14.  State Historical Museum

Built in the late 19th century in a neo-Russian style which came to characterise Moscow’s architecture, the State Historical Museum documents Russian history of the prehistoric to the contemporary, providing a fascinating timeline of this proud nation. The museum, which is located between Red Square and Manege Square, is brimming with historic artefacts and exhibits, including an ancient longboat excavated from the banks of the Volga River. The museum boasts no fewer than 11 exhibition halls housing some 4.3 million artefacts, including a vast collection of coins, ceramics, manuscripts and wood carvings which tell the story of Russian folklore and peasant life.

15.  Tsaritsyno Park

Tsaritsyno Park

One of the finest landscaped parks in Moscow is Tsaritsyno, a reserve founded by Catherine the Great in the 18th century. Though dominated by a vast neo-Gothic palace, it’s the extensively preserved and generously maintained grounds which impress. Dotted throughout the site is a wonderful collection of pavilions, arbours, decorative bridges, grottos and pergolas, all of which were restored during a year of refurbishment in 2005. An afternoon spent exploring the grounds in search of these charming monuments is time well spent, especially for those partial to a sunlit picnic.

16.  Fallen Monument Park

Moscow’s Fallen Monument Park is a strange yet fascinating place, where statues and relics from Russia’s Soviet and Imperial past were transferred after the fall of the Iron Curtain in 1991. Statues, sculptures and busts depicting former Soviet leaders were hauled from the city and dumped in the park, where they have now been properly erected and restored. Lenin, Stalin, Kalinin, Sverdlov and more all appear in the park, and more statues continue to arrive after being found in former Soviet propaganda factories. Today, the park houses over 700 statues and monuments, making it Russia’s largest open-air sculpture museum.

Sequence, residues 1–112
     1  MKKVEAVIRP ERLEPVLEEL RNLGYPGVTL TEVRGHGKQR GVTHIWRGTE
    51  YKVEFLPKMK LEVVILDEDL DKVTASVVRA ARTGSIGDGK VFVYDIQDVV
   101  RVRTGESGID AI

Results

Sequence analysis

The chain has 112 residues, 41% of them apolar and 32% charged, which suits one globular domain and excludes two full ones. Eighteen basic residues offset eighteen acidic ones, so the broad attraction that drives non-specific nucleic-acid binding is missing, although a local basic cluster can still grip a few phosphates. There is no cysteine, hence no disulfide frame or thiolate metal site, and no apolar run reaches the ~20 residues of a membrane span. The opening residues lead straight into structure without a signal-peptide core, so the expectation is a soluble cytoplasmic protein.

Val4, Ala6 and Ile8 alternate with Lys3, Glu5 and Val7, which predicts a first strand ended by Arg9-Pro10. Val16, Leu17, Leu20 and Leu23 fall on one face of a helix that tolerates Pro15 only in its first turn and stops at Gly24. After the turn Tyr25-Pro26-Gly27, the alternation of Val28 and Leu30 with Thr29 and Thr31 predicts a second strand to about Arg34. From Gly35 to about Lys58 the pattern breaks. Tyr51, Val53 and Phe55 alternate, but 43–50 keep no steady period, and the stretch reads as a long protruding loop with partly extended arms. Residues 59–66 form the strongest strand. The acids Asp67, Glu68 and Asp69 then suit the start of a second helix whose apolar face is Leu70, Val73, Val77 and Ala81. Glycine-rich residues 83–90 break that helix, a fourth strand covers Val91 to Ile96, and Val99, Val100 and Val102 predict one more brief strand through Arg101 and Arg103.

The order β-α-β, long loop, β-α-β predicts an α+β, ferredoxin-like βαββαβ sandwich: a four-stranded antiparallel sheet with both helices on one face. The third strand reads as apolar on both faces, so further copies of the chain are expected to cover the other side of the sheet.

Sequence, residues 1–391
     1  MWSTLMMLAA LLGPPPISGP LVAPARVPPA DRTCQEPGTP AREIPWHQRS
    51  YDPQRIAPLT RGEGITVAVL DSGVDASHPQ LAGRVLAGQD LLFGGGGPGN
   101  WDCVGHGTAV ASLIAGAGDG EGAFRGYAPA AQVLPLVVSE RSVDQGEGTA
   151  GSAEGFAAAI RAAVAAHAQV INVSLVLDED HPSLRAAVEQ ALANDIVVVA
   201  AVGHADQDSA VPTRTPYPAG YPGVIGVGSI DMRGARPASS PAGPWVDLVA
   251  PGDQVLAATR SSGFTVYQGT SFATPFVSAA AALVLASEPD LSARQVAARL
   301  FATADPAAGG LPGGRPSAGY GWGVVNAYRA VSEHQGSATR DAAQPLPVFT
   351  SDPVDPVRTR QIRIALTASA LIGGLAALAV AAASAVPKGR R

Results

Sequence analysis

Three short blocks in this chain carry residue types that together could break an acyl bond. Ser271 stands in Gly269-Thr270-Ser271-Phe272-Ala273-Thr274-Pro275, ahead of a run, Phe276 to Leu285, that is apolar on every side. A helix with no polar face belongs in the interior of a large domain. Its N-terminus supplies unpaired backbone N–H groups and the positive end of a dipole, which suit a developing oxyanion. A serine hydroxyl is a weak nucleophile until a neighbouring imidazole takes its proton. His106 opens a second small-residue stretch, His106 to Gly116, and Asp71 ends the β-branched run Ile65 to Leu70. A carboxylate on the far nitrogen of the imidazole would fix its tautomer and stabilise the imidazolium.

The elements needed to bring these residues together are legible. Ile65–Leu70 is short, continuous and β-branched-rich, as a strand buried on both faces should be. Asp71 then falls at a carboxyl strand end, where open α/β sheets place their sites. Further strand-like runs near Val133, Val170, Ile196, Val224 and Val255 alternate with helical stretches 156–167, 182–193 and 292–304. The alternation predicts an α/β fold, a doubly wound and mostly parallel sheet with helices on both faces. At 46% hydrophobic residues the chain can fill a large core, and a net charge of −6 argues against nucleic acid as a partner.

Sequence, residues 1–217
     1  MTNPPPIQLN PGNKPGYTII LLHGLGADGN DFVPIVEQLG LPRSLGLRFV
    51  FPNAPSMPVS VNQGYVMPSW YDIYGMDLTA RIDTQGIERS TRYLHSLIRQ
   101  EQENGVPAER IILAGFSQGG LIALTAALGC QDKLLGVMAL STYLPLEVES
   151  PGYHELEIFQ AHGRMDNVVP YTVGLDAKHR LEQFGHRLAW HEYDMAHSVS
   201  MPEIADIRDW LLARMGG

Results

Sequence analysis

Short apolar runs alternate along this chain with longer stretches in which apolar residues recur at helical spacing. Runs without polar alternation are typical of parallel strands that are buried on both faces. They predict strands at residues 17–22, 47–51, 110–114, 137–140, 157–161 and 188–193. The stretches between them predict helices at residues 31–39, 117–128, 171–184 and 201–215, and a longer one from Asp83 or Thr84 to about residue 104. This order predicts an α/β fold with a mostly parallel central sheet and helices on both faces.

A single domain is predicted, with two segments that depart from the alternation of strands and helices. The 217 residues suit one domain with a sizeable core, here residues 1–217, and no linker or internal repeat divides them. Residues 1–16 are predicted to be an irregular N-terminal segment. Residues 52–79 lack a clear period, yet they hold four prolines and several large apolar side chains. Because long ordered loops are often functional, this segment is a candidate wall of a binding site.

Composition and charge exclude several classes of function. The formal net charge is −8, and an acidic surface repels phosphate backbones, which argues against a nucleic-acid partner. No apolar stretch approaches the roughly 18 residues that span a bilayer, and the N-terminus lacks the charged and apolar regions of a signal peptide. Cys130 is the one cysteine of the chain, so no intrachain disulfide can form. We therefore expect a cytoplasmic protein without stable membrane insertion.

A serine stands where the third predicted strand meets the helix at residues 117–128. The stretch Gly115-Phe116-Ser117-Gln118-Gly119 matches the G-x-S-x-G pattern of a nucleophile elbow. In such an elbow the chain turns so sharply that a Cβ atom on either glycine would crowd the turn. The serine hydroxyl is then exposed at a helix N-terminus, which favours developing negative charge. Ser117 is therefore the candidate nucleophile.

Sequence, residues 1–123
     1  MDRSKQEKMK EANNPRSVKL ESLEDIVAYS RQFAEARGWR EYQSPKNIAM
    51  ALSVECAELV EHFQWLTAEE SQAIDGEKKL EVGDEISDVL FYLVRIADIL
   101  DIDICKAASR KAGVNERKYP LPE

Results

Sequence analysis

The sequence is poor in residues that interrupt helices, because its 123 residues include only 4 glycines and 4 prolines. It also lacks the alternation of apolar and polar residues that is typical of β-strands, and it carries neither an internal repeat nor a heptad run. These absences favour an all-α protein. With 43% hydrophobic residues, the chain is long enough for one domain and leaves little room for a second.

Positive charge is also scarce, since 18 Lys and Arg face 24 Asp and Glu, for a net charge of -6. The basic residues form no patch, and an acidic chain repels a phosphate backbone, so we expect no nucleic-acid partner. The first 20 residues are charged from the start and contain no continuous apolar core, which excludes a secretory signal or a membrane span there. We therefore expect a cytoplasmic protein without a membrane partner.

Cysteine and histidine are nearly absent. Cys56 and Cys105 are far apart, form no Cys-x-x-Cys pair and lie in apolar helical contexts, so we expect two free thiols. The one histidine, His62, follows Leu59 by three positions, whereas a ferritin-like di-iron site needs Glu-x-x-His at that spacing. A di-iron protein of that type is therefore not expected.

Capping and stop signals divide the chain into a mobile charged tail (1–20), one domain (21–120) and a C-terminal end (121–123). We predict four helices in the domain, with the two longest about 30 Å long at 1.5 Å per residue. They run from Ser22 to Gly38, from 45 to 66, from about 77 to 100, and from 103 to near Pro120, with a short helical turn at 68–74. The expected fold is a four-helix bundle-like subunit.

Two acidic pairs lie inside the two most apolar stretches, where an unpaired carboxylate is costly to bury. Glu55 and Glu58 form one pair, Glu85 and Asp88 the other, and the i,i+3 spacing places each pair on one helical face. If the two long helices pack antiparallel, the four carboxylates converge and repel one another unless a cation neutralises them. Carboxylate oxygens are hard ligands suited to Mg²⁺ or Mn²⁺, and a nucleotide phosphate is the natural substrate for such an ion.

17.  Lubyanka

Lubyanka

Once one of the most infamous buildings in the world, Lubyanka is the name given to the former headquarters of the KGB, the notorious security arm of the Soviet Union. An imposing Neo-Baroque building with a distinct yellow brick façade, Lubyanka was originally built as the headquarters for the All-Russia Insurance Company, and is renowned for its Baroque details and beautiful parquet flooring. After being seized by the Bolsheviks in 1917, it became the headquarters of the secret police, and was later augmented by the aforementioned Soviet architect Shchusev in the 1940s. Perhaps the most famous inmate held and interrogated in Lubyanka was Sidney Reilly, a British ‘super-spy’ who is said to have inspired Ian Fleming’s fictional James Bond.

18.  Miniature Moscow

In 1977, 300 Soviet workers were tasked with recreating a miniature version of Moscow to celebrate the 60th anniversary of the Bolshevik Revolution – and their 400-foot to-scale model can still be enjoyed in the capital today. The diorama is a representation of how Moscow may have looked during the Soviet years of the 1970s, though experts have since cast doubt on the accuracy of the model, claiming that it is in fact a piece of Soviet propaganda.

Propaganda or not, the model is a charming and highly-detailed reconstruction of the city, and features an elaborate lighting system which adds depth and realism. The model is currently on display in the lobby of the Hotel Ukraina, in the heart of Moscow.

We hope you’ve enjoyed this cultural odyssey through Russia’s alluring capital. If you’d like to experience the highlights of Moscow for yourself, take a look at our collection of luxury river cruises on the Volga or call us today on 0808 159 2420 for more information.